I am not saying that going slower would have stopped this, redesigning cars could have helped, or any number of solutions I have seen in the past day would have stopped this tragedy. It is a fact of racing, sadly, that people will die or become seriously injured in the line of doing what they love, and what I and so many others love to watch. It's just heartbreaking to know that as far as we have come, that it can still happen.
These men and women put their lives on the line every time they strap into a car, or straddle that bike. We owe it to them to ensure that they are as protected as possible, and I do believe that all racing organizations are doing just that, but we can do better, we have to. I, for one, am tired of seeing an accident and wondering if the driver is alright. I am tired of getting this sinking feeling in my gut when I see a driver slumped over behind the wheel or slow to exit the car after an incident on track at speed. I doubt I am the only one. But I, like so many others, have seen enough drivers die in the line of racing.
While Wilson's death stop me from watching racing, no. The fact is, if given the chance, and if I had talent enough for the job, I would do it in a nanosecond. Consequences, and risks be damned. I would run at Daytona at 200 mph in a second. If I had the talent and abilities I would have been racing seven wide into turn one at Pocono. I think I would have enjoyed that, and to do it, you need to have that kind of love for the sport. I think I could easily call it a career if I had a trophy from any one of the tracks these guys run at. Yet, they want more, they want it more than I do. I couldn't imagine wanting to crawl into a car after what happened Sunday, I really do not think I could do it. To race after a friend , mentor, or rival had died while running in a race I was, I don't think I have it in me. Yet, his peers, friends, those he mentored, and his mentors will strap in next week. They will give us a show, we will be in awe of them, but they will do it with a heavy heart. For as heartbroken as we fans are, I can say that they feel it more than we do. They knew Wilson on a level most of us can only imagine. Yet they will run in his honor. A man whose career never got the chance it deserved. And while the IRL will be tasked with finding a way to ensure this never happens again, we will be left wondering what if? What if Wilson would have gotten a top tier ride in F1 or some other sanctioning body. What if this incident would have never happened.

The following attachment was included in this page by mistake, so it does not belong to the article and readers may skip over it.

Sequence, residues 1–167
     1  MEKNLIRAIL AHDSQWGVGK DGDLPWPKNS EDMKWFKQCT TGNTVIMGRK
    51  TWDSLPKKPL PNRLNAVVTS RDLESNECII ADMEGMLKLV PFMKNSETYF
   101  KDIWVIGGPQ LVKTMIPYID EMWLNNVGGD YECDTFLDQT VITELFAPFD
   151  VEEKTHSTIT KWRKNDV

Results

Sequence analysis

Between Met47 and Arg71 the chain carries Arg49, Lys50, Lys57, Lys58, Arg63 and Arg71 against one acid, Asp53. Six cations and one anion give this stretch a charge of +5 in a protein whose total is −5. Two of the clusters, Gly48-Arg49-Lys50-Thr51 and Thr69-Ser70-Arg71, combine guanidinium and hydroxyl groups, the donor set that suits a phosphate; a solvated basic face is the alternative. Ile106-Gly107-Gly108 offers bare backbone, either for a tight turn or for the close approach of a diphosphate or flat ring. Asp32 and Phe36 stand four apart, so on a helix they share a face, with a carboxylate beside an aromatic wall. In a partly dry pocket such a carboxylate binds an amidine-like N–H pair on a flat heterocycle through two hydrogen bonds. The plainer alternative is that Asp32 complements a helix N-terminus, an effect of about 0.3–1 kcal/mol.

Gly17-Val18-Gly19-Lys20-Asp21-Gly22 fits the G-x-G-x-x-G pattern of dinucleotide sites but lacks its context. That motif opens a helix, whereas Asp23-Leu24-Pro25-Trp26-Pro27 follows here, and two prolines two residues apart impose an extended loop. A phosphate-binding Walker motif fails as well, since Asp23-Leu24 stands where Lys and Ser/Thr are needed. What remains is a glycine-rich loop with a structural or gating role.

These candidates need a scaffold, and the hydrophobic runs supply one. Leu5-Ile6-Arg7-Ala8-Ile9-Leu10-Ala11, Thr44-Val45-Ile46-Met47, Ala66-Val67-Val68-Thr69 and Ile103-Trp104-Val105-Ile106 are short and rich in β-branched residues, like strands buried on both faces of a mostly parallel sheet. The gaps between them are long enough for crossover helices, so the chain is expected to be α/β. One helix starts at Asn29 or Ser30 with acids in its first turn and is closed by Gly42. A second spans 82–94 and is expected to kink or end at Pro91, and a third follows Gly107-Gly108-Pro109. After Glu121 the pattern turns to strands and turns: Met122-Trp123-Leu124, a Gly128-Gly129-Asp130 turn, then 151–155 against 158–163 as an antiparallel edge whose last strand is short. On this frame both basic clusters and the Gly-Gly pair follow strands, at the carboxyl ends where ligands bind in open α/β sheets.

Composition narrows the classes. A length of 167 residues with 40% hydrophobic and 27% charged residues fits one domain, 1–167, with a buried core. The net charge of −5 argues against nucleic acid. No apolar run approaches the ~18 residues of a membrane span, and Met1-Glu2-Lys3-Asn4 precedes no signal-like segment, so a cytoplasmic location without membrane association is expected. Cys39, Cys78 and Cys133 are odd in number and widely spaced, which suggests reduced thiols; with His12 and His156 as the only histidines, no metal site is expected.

But there is another question some of us are thinking about. What of Sage Karam. The man whose nosecone hit Wilson. I can imagine right now that he feels as bad, if not worse than Wilson's family. I can imagine that he is feeling the guilt of this, personal responsibility for the accident which ended Wilson's life. I can say that there are many people he can talk to about it, and this will not affect his career in the long term. He will be there with the rest of the IRL field next week, he will race just like they will. He is after all the future of the IRL, but I doubt we will see the same young man on the track. One thing about it, even through the tragedy, there will be changes forthcoming. That is the only good I see from a fatality in any sport. Changes will be made.